The other ground for the mistrial was the question as to the police officer's knowledge that the prosecution's eyewitness was a convicted rapist. Of course, had said eyewitness been on the witness stand and testified against the defendant, as the District Attorney promised he would do, it would have been proper for defendant's counsel to cross-examine him on his record of conviction for rape. Petitioner's attorney states to this court that he was a member of the Cayuga County District Attorney's staff when said eyewitness McIntosh was convicted of rape, and officer Bertonica was on the Auburn police force at the time and knew about it; that such was the foundation for his question, and he would have so explained to the Trial Judge had he been given the opportunity. Nevertheless, it was premature and improper for defendant's counsel to attack directly said eyewitness in the course of cross-examining the officer. The defendant's attorney urges, however, that his question was proper by way of cross-examination of officer Bertonica as to his credibility, motives and reliability. This argument depends upon evidence which had been adduced at the trial prior to the question which prompted the mistrial.

The defendant (petitioner herein) was 18 years of age and the girl was 17 years of age. It was defendant's contention that she was his girl friend whom he intended to marry, and that her father disliked him. On the early evening of September 8, 1967 he invited her and some other boys and girls to his home for a social party while his parents were away. They had acquired some whiskey, and they drank that and some beer and smoked cigarettes, and they talked and listened to the radio until defendant's parents returned at 9:00 p.m. By 9:30 p.m. his father invited the guests to leave. The girl became ill, and defendant's mother wanted to apply an icepack, but defendant thought it best to take her for a walk, and he did. He gave a statement to the police early the next morning describing his version of what then happened, as follows:

He walked his girl around the block and across a vacant lot not far from his home, where he assisted her while she vomited; and he says that while so doing he was struck over the head and fell to his knees. On getting up he was struck down again and rendered unconscious. On coming to he saw someone on or near his girl who had then passed out, and defendant tried unsuccessfully to reach that person who then ran away. Defendant then carried his girl to his home where he collapsed. Both were taken to a hospital where several stitches were taken in defendant's head. (Officer Bertonica later that evening observed these stitches.) The girl remained unconscious for many hours. The basis of the charge of rape is that the girl was too much intoxicated to know what she was doing or to consent; her age was not made a factor; and a physical examination of her showed the presence of male sperm in and around her vagina.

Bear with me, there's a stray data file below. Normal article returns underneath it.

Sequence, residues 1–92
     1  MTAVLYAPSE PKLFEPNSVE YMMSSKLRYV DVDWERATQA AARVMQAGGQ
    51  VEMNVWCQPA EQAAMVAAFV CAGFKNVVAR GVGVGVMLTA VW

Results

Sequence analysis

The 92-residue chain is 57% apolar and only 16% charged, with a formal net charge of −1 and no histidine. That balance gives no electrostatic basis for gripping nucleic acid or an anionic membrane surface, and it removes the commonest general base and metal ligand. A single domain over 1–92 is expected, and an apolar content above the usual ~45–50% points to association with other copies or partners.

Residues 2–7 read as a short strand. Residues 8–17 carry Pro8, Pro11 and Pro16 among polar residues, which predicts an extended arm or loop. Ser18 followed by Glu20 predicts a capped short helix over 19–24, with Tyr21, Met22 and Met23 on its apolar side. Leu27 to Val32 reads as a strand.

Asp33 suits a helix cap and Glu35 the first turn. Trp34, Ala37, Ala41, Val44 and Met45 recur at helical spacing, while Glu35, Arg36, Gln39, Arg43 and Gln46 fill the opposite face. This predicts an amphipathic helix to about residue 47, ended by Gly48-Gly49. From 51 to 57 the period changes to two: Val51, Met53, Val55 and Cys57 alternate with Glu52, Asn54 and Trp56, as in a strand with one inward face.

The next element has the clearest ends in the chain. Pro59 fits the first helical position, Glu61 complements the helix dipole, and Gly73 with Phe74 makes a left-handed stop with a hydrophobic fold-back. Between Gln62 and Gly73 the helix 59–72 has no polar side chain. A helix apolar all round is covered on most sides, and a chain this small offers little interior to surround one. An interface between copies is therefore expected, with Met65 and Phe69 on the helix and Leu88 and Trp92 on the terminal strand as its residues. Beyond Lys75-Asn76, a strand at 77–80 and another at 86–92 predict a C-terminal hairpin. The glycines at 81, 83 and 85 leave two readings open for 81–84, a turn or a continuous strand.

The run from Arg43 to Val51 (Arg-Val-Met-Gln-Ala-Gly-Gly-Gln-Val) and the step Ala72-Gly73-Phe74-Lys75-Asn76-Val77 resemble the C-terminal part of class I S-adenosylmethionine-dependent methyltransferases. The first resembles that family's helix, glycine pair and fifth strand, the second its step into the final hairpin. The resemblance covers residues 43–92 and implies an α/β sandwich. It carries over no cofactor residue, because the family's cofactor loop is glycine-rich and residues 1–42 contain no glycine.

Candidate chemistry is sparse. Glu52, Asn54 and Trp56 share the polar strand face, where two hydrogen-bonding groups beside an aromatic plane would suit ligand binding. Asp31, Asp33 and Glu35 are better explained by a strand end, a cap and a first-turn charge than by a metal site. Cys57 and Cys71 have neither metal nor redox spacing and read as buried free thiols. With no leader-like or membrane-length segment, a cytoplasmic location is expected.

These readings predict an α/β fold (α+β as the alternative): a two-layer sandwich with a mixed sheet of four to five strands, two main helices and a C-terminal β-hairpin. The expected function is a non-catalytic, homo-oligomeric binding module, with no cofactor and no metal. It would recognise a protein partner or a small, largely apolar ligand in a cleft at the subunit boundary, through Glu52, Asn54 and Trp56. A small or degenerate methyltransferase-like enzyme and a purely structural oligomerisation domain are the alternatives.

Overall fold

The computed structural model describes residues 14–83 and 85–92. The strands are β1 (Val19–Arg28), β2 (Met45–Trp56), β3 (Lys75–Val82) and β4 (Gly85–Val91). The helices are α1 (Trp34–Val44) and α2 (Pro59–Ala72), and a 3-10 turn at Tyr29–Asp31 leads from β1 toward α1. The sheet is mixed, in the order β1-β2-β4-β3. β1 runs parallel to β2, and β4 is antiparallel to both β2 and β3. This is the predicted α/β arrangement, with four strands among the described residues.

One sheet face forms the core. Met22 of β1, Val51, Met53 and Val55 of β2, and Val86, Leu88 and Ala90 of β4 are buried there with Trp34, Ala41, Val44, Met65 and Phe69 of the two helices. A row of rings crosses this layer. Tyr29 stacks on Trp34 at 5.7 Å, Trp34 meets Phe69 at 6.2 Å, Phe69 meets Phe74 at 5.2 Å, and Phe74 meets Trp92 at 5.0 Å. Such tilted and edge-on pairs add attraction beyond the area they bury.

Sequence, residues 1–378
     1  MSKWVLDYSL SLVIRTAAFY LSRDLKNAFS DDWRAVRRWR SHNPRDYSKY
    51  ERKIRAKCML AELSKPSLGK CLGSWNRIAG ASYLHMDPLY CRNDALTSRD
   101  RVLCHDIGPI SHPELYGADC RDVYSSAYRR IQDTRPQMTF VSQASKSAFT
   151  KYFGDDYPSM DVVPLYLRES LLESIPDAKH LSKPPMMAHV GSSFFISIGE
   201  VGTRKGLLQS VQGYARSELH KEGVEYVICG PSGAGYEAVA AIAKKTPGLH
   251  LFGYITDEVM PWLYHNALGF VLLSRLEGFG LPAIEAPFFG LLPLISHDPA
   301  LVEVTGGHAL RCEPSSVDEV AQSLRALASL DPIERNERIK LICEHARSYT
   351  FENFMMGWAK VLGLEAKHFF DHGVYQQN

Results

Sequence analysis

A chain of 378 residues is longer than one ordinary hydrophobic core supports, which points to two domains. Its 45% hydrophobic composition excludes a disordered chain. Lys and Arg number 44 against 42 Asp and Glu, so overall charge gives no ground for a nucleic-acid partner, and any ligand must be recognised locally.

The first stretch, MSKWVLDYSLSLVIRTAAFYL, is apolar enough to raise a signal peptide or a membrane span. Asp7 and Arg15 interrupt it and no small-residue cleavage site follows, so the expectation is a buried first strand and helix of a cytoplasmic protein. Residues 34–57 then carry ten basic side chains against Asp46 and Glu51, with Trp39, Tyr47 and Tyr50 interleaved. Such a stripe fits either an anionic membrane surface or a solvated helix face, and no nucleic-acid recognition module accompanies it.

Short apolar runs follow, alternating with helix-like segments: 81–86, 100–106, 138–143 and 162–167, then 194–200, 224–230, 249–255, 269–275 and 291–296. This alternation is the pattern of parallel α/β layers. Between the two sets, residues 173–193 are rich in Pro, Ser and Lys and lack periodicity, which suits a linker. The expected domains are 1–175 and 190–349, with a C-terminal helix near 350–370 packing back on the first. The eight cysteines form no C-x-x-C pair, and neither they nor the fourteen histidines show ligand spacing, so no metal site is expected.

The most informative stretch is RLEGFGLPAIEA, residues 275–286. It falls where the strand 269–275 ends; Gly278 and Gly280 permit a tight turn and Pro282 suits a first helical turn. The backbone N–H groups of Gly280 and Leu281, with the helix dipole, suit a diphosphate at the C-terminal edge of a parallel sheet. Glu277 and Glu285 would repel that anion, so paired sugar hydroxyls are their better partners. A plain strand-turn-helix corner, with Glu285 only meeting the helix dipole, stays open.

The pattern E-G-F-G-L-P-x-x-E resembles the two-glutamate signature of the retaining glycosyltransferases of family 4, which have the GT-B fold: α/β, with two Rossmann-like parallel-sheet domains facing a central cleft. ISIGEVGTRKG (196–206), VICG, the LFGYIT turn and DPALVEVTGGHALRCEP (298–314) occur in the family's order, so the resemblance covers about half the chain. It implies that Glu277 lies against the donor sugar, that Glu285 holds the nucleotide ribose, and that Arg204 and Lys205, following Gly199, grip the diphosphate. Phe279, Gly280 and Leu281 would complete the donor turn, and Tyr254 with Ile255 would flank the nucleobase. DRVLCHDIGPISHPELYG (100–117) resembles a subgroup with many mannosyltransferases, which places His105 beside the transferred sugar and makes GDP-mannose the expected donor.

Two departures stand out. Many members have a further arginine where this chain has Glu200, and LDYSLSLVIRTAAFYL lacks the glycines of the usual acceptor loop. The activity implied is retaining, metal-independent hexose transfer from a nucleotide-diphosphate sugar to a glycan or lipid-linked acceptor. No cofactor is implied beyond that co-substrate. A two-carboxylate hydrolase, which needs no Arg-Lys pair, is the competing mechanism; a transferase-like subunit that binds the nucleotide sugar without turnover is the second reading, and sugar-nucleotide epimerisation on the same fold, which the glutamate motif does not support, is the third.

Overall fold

Shortly after defendant and the girl were taken to the hospital officer Bertonica received a telephone call. He then went to the hospital and saw the girl there and he talked with her parents there. He promptly put out an "alert" for defendant or at least notified various persons that he wanted to talk with defendant, and he went looking for defendant and found him with some other boys.

In the meantime, on leaving the hospital defendant and another went looking for the stick with which he had been struck. He found it and gave it to officer Bertonica when the officer found him. Defendant then told the officer that he was looking for the fellow who had struck him on the head. Officer Bertonica nevertheless took him into the police car, read the Miranda warnings to him and took him to headquarters where he, the defendant, made the statement above described.

In the course of his testimony officer Bertonica stated that he had gone to the vacant lot and found a spot where defendant and the girl had been (an empty cigarette package and a ring were found there), and he took pictures of the area. On cross-examination he stated that Benjy Smith McIntosh, the People's eyewitness, lives next to said spot; in fact the spot was at the rear of McIntosh's home or apartment. Defendant's attorney interrogated the officer about his failure to investigate Benjy Smith McIntosh whom defendant had charged as his assailant and the one, if anyone, who had raped the girl; and about the fact that instead of investigating McIntosh he insisted on charging the defendant with the offense.

It was in the light of the above evidence and defendant's counsel's effort to attack the officer's veracity and conduct that the question was asked whether the officer did not know that Benjy Smith McIntosh was a convicted rapist.

In this state of the record it may well be doubted that it was error for defendant's counsel to ask officer Bertonica the question as to his knowledge of McIntosh's criminal record, in connection with the officer's investigation of McIntosh's knowledge of the events of that evening. As for it constituting ground for mistrial, the court should have been mindful of the fact that the District Attorney had promised to call the eyewitness to testify and that at such time the fact of his prior conviction would most probably have come out (see People v. Sorge, 301 N. Y. 198, ...